Mayo Clinic researchers have developed a novel proton therapy technique to more specifically target cancer cells that resist other forms of treatment. The technique is called LEAP, an acronym for 'biologically enhanced particle therapy.' The findings are published today in Cancer Research, the journal of the American Association for Cancer Research. (2021-02-17)

Unexpected findings on weight loss and breast cancer from international study in JNCCN
New research in the February 2021 issue of JNCCN--Journal of the National Comprehensive Cancer Network examined body mass index (BMI) data for people with HER2-positive early breast cancer, and found a 5% weight loss in patients over two years in was associated with worse outcomes. Weight gain over the same time period did not affect survival rates. (2021-02-16)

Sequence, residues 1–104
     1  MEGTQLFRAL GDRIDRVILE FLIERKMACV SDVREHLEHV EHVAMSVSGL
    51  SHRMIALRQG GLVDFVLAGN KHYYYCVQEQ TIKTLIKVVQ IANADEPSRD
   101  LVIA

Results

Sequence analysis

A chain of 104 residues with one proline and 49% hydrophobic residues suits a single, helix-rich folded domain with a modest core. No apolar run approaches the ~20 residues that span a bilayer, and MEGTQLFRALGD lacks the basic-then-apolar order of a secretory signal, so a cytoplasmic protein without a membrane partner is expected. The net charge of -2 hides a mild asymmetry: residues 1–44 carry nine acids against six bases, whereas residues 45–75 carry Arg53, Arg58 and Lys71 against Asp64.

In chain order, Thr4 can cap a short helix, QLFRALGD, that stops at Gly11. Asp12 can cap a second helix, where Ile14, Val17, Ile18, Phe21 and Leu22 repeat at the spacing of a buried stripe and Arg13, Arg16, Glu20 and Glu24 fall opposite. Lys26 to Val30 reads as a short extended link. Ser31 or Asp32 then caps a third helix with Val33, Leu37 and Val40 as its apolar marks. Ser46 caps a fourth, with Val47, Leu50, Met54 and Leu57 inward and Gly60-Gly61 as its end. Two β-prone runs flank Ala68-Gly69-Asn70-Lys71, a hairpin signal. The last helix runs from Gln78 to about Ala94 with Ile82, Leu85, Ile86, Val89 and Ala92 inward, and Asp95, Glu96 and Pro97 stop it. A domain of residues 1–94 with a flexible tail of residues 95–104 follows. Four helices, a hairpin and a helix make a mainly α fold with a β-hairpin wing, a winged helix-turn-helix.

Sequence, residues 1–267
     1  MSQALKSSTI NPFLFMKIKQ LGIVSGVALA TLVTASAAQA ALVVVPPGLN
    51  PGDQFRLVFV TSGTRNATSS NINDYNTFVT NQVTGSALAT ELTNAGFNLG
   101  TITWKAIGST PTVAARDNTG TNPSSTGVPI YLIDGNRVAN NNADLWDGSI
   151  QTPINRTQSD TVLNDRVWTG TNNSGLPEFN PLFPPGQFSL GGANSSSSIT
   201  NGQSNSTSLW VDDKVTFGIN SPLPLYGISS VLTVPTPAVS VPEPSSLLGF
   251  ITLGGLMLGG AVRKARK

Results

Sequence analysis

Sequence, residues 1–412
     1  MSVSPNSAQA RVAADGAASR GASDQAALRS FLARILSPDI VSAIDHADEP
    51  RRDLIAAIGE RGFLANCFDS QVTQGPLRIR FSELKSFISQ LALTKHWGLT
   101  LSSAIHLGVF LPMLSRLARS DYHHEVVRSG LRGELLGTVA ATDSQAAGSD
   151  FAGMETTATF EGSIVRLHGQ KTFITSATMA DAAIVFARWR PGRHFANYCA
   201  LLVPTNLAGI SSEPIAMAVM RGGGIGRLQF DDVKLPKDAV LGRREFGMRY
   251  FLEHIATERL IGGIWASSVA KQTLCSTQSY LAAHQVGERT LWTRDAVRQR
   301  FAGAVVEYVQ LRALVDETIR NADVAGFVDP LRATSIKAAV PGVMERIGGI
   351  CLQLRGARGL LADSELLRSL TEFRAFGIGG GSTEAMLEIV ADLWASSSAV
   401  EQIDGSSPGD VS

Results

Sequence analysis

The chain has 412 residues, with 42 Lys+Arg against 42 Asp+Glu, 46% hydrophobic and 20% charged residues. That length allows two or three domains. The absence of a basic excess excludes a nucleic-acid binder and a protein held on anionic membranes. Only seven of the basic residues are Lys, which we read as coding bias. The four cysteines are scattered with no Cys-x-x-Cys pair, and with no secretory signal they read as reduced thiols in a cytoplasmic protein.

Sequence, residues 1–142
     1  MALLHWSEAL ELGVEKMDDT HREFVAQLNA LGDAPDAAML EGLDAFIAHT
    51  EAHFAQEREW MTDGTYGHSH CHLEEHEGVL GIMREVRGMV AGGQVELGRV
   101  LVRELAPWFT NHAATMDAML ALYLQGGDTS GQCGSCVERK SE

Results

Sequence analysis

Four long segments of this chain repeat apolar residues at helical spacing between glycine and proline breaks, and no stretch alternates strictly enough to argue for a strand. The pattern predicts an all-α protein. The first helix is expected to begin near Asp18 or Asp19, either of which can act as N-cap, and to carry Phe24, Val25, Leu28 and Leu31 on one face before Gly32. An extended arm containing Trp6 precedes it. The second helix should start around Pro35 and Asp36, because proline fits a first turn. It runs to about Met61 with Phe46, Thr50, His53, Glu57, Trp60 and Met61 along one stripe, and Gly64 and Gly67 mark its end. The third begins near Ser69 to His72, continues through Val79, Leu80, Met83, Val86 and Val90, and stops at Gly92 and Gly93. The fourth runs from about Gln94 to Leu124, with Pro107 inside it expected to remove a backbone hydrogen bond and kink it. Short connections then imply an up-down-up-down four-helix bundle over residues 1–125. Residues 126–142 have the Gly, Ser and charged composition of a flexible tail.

Radioactive bone cement found to be safer in treating spinal tumors
A radioactive bone cement that's injected into bone to provide support and local irradiation is proving to be a safer alternative to conventional radiation therapy for bone tumors, according to a study led by University of California, Irvine researchers. (2021-02-16)

Model helps predict which patients will benefit most from PSMA PET scan
A new study led by researchers at the UCLA Jonsson Comprehensive Cancer Center helps identify which patients with prostate cancer will benefit most from the use of prostate-specific membrane antigen PET imaging, PSMA PET, a novel imaging technique that recently was approved by the U.S. Food and Drug Administration. (2021-02-16)

Research highlights ways to protect astronaut cardiovascular health from space radiation
In the inky blackness of space an invisible threat is ever present - radiation. It can have a huge array of negative effects on astronaut health, including cardiovascular disease. However, if we are ever to journey to the red planet, we will need to understand and reduce this risk. A new review charts a course through what we know about the cardiovascular risks of space radiation, and the best ways to protect space travelers. (2021-02-12)

Liquid biopsy for colorectal cancer could guide therapy for tumors